Optimizing wellness in chronic obstructive pulmonary disease (COPD) is an emerging theme, in response to the substantial burden of COPD among Canadians. Population surveillance, from the Public Health Agency of Canada, as well as from international initiatives, such as the Burden of Obstructive Lung Disease (BOLD) study, has revealed the prevalence and regional disparities of a condition in which mortality, morbidity and health care resource use often reflect what was happening in the population more than 20 years previously. As COPD emerges to be an important women’s health issue, it raises questions as to how female mortality from COPD can rise at double the rate of breast cancer, why the COPD patient population is still predominantly male and whether women experience breathlessness differently than men.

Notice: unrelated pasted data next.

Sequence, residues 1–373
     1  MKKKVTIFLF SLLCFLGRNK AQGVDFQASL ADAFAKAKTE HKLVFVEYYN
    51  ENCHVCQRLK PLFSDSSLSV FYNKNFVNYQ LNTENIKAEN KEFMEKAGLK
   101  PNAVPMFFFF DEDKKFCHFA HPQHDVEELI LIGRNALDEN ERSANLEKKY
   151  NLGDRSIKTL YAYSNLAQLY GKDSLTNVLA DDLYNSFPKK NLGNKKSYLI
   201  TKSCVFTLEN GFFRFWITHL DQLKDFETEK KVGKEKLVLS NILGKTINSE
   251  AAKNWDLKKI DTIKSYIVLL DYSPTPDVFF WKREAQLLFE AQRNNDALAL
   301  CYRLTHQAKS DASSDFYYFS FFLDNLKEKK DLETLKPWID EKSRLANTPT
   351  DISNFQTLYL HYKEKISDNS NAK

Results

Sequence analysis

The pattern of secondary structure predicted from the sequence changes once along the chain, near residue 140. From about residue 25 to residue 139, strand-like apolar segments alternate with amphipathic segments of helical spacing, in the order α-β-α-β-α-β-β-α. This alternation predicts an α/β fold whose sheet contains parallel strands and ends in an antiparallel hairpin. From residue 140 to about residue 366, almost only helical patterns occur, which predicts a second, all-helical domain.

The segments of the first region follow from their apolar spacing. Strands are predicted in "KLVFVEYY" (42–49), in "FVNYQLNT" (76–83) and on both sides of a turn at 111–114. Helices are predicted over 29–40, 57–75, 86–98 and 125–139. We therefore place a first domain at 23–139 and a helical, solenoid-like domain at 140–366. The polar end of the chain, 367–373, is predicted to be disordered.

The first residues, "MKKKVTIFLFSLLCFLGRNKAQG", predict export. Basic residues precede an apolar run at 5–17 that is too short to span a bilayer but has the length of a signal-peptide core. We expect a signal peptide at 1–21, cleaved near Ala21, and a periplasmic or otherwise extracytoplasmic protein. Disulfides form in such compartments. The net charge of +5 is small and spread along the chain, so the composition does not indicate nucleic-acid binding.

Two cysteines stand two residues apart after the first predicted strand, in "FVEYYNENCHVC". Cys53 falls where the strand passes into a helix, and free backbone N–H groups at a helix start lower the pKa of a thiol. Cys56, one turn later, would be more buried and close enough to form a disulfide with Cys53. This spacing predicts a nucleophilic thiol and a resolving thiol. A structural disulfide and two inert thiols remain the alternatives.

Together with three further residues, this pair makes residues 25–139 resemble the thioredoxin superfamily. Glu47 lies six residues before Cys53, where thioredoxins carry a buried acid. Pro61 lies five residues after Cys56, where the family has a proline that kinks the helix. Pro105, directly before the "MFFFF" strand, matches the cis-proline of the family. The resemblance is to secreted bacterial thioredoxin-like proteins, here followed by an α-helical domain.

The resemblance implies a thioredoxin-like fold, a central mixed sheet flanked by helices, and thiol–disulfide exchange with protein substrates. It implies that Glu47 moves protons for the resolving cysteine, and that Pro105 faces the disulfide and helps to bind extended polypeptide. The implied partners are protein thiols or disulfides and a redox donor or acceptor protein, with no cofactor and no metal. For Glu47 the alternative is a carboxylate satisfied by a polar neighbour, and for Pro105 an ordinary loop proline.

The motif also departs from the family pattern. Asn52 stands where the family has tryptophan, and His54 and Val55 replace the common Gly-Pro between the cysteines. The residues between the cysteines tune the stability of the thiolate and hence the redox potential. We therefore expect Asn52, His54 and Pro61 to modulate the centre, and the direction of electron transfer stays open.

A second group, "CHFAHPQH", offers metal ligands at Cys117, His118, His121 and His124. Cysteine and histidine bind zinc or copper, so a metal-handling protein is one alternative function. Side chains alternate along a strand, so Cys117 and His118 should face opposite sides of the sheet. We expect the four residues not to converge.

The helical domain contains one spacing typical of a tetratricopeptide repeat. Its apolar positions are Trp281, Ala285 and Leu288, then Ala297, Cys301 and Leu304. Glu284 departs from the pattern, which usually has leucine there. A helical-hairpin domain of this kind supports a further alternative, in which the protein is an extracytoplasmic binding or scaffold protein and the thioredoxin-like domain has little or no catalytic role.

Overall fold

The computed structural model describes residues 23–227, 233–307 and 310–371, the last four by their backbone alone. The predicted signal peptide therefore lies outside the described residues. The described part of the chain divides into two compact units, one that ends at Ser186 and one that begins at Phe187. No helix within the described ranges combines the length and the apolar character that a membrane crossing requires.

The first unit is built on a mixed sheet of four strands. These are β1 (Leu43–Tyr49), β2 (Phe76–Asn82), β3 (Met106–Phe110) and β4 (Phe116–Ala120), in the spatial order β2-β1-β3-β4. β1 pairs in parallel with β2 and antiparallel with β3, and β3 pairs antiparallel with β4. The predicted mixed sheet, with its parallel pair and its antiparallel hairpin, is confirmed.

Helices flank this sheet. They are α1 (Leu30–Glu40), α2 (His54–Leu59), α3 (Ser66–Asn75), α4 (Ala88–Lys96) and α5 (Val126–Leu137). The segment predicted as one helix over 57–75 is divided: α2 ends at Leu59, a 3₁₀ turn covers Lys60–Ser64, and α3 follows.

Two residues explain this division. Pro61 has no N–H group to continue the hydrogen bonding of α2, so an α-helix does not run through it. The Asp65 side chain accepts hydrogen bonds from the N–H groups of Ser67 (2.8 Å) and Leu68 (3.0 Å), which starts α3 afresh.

There is increasing awareness of the frequency and importance of assessing secondary impairments, such as muscle atrophy, an important prognostic indicator. The availability of pulmonary rehabilitation, despite its beneficial effects on exercise and quality of life, remains far behind the demand for services, a care gap unlikely to be filled by institutionally based programs. New models of chronic disease management require the health care system to proactively meet the needs of individuals with chronic conditions, rather than reacting to them through the acute care system. Such approaches occur best in partnership between health authorities and local municipalities. The present supplement includes several examples of this partnership, especially in Alberta and Saskatchewan. An increasing body of evidence supports the importance of exercise training, combined with selfmanagement, as a cornerstone of chronic disease management.